Beyond the orchestra
The symphony orchestra seems to be an institution set in stone with its defined roles, authorities and hierarchies. Symphonic music is complex and needs many people to collaborate in perfection. For this, clearly assigned competence and leadership appears necessary. The professional symphony orchestra translates this into job descriptions and pay gaps: the concert master has the right to speak with the conductor; the section leaders lead the timing of their colleagues; soloists in the wind section are entitled to play first parts; and finally the conductor decides alone about the musical interpretation of the work.
Since the time of Beethoven, Hector Berlioz and Felix Mendelssohn-Bartholdy, the musical direction of orchestras was transferred to a conductor who does not play himself. The result: The musicians of the orchestra have nearly no influence on the whole. Countless decisions are down to the conductor: the tempo, the balance between voices or parts, the phrasing of single passages, the sound quality or the leading of free tempo variations, the »tempo rubato«.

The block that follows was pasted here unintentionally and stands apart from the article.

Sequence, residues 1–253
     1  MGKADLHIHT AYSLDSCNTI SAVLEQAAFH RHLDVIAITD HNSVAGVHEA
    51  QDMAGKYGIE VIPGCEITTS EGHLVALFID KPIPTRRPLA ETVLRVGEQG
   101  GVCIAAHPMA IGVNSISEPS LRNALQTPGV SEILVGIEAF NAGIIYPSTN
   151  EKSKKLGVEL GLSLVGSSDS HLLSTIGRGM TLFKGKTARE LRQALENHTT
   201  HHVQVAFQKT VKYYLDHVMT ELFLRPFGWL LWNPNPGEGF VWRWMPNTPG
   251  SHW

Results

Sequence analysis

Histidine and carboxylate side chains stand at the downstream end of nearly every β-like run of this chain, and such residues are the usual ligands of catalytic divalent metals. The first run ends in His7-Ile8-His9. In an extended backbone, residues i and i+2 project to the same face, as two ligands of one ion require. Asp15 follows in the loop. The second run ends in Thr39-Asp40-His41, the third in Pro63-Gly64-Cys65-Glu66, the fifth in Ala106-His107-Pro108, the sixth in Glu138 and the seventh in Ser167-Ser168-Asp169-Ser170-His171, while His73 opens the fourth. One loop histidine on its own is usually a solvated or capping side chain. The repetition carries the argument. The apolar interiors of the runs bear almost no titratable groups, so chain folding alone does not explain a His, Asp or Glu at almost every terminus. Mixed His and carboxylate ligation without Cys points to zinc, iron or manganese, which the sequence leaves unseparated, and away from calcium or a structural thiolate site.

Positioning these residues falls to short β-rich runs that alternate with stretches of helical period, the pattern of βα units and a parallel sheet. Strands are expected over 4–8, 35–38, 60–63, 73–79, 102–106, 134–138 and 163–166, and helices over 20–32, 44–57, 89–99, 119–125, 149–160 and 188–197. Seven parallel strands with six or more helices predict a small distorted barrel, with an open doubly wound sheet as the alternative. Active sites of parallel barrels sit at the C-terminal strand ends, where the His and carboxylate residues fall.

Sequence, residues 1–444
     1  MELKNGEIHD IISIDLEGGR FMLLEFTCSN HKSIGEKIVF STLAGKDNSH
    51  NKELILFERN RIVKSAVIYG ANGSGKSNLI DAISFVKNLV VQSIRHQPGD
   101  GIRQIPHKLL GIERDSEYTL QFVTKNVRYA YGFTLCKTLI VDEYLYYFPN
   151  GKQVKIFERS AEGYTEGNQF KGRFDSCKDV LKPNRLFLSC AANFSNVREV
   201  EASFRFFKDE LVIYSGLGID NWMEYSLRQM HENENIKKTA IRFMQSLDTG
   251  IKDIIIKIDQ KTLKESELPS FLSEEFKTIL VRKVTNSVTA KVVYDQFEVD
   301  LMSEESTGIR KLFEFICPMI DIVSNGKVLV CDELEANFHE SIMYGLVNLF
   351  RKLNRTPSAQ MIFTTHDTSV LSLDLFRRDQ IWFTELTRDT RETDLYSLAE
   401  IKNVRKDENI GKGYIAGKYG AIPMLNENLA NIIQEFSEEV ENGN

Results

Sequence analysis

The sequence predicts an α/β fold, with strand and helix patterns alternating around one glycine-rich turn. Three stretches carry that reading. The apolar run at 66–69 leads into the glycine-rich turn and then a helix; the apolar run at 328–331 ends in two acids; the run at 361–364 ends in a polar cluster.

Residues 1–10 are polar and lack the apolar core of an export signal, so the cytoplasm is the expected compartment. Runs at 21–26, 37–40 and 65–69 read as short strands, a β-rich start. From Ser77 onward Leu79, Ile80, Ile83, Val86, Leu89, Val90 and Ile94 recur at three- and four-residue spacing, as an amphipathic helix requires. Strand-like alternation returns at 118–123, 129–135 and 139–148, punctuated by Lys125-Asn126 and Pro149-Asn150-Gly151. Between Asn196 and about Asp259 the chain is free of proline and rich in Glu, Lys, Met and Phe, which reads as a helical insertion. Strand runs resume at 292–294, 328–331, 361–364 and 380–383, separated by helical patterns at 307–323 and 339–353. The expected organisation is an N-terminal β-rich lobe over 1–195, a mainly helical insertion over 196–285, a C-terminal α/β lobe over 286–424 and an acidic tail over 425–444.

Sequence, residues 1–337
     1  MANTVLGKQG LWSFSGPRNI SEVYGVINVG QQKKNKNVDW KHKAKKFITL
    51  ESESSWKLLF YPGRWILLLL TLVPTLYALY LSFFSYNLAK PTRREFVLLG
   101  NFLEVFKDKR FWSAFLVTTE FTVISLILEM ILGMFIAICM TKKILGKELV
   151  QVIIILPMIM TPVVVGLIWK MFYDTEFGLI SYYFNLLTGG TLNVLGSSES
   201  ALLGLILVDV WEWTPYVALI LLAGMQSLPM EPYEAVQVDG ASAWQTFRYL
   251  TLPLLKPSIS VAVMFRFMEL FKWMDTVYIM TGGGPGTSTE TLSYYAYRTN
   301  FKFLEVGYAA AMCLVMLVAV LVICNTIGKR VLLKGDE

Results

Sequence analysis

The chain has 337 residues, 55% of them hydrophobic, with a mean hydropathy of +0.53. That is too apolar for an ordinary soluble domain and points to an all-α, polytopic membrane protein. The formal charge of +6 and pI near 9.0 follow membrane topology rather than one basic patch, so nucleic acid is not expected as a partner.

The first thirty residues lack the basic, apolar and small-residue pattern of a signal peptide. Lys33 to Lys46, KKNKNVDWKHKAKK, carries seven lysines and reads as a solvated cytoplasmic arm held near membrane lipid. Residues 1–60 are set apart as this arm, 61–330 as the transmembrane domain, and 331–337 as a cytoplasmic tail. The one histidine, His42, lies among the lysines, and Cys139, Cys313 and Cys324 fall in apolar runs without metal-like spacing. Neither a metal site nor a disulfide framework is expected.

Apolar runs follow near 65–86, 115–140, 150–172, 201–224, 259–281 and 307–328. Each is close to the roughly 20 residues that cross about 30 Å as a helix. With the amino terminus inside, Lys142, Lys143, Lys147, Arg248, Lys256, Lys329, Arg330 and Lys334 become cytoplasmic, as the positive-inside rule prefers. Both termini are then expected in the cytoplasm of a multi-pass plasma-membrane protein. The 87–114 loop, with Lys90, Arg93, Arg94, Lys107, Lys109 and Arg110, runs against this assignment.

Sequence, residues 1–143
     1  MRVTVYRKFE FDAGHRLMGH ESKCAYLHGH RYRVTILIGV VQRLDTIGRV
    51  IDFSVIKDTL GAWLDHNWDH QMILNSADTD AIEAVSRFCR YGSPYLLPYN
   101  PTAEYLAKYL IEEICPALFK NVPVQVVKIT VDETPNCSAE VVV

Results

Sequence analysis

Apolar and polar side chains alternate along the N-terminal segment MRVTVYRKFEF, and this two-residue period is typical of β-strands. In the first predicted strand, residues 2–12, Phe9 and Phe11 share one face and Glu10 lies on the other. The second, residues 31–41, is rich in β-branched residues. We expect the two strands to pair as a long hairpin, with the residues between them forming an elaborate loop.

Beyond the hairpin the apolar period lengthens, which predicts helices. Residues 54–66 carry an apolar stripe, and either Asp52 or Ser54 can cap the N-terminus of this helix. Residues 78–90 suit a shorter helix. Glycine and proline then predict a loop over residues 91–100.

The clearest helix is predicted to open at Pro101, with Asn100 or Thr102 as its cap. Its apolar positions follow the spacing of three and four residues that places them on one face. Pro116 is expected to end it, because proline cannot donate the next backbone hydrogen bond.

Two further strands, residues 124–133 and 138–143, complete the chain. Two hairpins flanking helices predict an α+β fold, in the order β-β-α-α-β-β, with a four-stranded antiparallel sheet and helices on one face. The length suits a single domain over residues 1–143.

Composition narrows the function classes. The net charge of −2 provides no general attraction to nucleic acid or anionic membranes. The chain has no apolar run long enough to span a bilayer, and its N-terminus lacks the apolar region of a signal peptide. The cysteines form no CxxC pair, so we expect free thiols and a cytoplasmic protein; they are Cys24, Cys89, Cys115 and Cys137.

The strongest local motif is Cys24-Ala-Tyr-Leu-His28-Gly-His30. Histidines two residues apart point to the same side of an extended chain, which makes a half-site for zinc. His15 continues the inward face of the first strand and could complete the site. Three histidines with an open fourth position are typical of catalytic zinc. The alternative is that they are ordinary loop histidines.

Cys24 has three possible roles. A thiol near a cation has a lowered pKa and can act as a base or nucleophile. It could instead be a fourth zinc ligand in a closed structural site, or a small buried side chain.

Orchestra of many conductors
Spira mirabilis was founded as a collective of musicians who wanted to reclaim how their orchestra would sound. An ensemble working in direct democracy cannot be called an orchestra anymore, explains violinist and founding member Lorenza Borrani. The members change the matrix of orchestral playing on several levels: On the level of rehearsing, on the level of performing and on the level of communicating with audiences. Everyone in the ensemble studies the score of the rehearsed work and all together take on the responsibility of the conductor to pass musical decisions and to keep the group together.